In still another embodiment, a cell of a current steering digital-to-analog converter includes a cell current source, a first transistor coupled in series with the cell current source and coupled to a current summing line, and a second transistor coupled in series with the current source and coupled to a reference node. The cell also includes a driver circuit having an input, a first output coupled to a gate of the first transistor, and a second output coupled to a gate of the second transistor. The driver circuit comprises a third transistor to selectively couple the first output of the driver circuit to a first reference voltage when the first output of the driver circuit is to be in a first state, and a resistor coupled to a second reference voltage. Also, the driver circuit comprises a fourth transistor to selectively discharge the first output of the driver circuit toward the second reference voltage via the resistor when the first output of the driver circuit is to transition from the first state to a second state, the second state being a logical complement of the first state. Additionally, the driver circuit comprises a first source-follower circuit having a source follower output coupled to the first output of the driver circuit. Further, the driver circuit comprises a fifth transistor to selectively couple the second output of the driver circuit to the first reference voltage when the second output of the driver circuit is to be in the first state, and a sixth transistor to selectively discharge the second output of the driver circuit toward the second reference voltage via the resistor when the second output of the driver circuit is to transition from the first state to the second state. Still further, the driver circuit comprises a second source-follower circuit having a source follower output coupled to the second output of the driver circuit. Additionally, the driver circuit comprises a dynamic current source having a control input coupled to the resistor, a seventh transistor to selectively couple the source follower output of the first source follower circuit to the dynamic current source when the first output of the diver circuit is to be in the second state, and an eighth transistor to selectively couple the source follower output of the second source-follower circuit to the dynamic current source when the second output of the driver circuit is to be in the second state. A steady-state voltage of the first output of the driver circuit when the first control signal is HIGH is a voltage within the range 100 millivolts to 350 millivolts, inclusive. A steady-state voltage of the second output of the driver circuit when the second control signal is HIGH is a voltage within the range 100 millivolts to 350 millivolts, inclusive.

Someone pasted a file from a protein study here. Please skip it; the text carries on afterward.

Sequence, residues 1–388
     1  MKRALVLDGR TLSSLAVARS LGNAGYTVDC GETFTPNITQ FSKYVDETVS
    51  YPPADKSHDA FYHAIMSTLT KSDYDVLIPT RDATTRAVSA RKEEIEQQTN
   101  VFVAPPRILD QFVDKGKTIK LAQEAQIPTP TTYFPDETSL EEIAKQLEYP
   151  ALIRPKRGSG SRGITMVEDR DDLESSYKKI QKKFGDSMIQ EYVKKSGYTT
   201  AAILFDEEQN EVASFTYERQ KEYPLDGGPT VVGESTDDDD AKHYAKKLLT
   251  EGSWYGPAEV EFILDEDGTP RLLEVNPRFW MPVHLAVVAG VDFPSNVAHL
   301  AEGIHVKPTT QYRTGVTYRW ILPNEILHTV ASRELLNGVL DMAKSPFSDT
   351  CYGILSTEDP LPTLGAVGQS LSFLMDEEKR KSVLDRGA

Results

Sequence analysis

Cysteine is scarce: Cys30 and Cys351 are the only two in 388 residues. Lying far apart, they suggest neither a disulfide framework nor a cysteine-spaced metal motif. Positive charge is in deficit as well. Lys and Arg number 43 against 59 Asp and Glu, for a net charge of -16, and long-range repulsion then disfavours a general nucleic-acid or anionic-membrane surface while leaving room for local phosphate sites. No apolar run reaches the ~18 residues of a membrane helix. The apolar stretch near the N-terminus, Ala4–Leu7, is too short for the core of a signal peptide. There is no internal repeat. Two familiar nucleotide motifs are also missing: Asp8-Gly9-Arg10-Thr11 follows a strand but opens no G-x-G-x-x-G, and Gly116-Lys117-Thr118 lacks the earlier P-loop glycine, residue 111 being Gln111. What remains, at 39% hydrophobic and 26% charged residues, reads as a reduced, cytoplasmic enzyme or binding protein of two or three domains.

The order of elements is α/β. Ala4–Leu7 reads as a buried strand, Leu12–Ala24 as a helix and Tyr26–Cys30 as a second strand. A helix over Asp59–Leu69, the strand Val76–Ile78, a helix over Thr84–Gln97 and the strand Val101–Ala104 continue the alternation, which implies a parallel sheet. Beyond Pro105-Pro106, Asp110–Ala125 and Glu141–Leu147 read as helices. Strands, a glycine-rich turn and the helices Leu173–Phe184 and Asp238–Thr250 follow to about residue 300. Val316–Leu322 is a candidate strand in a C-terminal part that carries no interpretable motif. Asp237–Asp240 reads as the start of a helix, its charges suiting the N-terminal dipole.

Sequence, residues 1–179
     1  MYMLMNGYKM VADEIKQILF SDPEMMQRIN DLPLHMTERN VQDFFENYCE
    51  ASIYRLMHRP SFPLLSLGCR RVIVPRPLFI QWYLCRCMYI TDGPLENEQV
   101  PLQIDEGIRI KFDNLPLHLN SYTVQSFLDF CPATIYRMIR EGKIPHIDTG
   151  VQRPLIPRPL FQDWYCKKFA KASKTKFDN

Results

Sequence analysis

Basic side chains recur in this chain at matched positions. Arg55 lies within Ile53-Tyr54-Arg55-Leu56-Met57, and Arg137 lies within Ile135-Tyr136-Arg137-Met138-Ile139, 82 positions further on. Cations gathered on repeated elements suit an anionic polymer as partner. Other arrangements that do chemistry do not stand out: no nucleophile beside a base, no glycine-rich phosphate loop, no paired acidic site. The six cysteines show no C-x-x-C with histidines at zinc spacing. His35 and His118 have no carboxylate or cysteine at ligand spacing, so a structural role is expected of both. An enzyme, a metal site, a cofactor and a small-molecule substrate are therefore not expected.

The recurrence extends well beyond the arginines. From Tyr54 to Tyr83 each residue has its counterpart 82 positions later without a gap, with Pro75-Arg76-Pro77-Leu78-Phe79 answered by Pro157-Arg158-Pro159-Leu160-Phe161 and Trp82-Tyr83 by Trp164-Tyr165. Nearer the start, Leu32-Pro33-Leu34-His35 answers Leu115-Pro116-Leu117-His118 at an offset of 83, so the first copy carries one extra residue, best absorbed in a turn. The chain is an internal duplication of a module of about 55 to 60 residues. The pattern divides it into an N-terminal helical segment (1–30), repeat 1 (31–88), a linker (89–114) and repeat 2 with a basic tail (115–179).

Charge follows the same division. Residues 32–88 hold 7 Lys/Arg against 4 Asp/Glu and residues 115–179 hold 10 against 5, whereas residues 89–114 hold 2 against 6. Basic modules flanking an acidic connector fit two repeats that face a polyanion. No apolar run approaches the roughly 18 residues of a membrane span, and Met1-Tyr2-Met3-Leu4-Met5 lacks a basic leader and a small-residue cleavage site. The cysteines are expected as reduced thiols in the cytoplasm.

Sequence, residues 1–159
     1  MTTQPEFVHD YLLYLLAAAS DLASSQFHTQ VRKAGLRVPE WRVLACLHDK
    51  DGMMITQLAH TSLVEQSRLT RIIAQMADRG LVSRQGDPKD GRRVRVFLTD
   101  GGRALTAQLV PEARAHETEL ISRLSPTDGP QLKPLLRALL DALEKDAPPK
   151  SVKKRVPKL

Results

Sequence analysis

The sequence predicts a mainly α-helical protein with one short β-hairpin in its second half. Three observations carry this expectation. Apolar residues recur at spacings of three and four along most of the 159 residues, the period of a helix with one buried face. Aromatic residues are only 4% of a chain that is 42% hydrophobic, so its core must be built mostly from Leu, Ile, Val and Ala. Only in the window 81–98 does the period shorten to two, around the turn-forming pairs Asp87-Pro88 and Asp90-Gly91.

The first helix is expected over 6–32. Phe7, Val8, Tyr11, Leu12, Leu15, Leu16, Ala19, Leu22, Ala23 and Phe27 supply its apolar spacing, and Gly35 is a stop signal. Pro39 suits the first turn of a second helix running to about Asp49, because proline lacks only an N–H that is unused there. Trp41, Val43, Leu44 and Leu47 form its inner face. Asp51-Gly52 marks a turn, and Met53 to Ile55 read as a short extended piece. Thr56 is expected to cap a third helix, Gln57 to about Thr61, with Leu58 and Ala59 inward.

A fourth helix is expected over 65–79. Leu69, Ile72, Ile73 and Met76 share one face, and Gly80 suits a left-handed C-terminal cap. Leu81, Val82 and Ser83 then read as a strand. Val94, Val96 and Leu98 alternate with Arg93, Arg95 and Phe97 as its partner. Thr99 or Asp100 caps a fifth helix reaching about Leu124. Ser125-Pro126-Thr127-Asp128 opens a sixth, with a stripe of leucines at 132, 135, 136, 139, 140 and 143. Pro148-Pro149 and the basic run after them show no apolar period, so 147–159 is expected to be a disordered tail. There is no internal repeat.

BRIEF DESCRIPTION OF THE DRAWINGS

FIG. 1 a block diagram of an example current steering digital-to-analog converter (DAC);

FIG. 2 is a circuit diagram of a cell of the current steering DAC of FIG. 1;

FIG. 3 is a circuit diagram of another cell that may be utilized in a current steering DAC;

FIG. 4 is a circuit diagram of an example driver circuit that may be utilized in the cell of FIG. 3;

FIG. 5 is a circuit diagram of another example driver circuit that may be utilized in the cell of FIG. 3;

FIG. 6A is a block diagram of a hard disk drive system that may utilize a circuit such as the circuit of FIG. 4 or the circuit of FIG. 5;

FIG. 6B is a block diagram of a digital versatile drive system that may utilize a circuit such as the circuit of FIG. 4 or the circuit of FIG. 5;

FIG. 6C is a block diagram of a high definition television that may utilize a circuit such as the circuit of FIG. 4 or the circuit of FIG. 5;

FIG. 6D is a block diagram of a vehicle that may utilize a circuit such as the circuit of FIG. 4 or the circuit of FIG. 5;

FIG. 6E is a block diagram of a cellular phone that may utilize a circuit such as the circuit of FIG. 4 or the circuit of FIG. 5;

FIG. 6F is a block diagram of a set top box that may utilize a circuit such as the circuit of FIG. 4 or the circuit of FIG. 5;

FIG. 6G is a block diagram of a media player that may utilize a circuit such as the circuit of FIG. 4 or the circuit of FIG. 5; and

FIG. 6H is a block diagram of a voice over IP device that may utilize a circuit such as the circuit of FIG. 4 or the circuit of FIG. 5.

DETAILED DESCRIPTION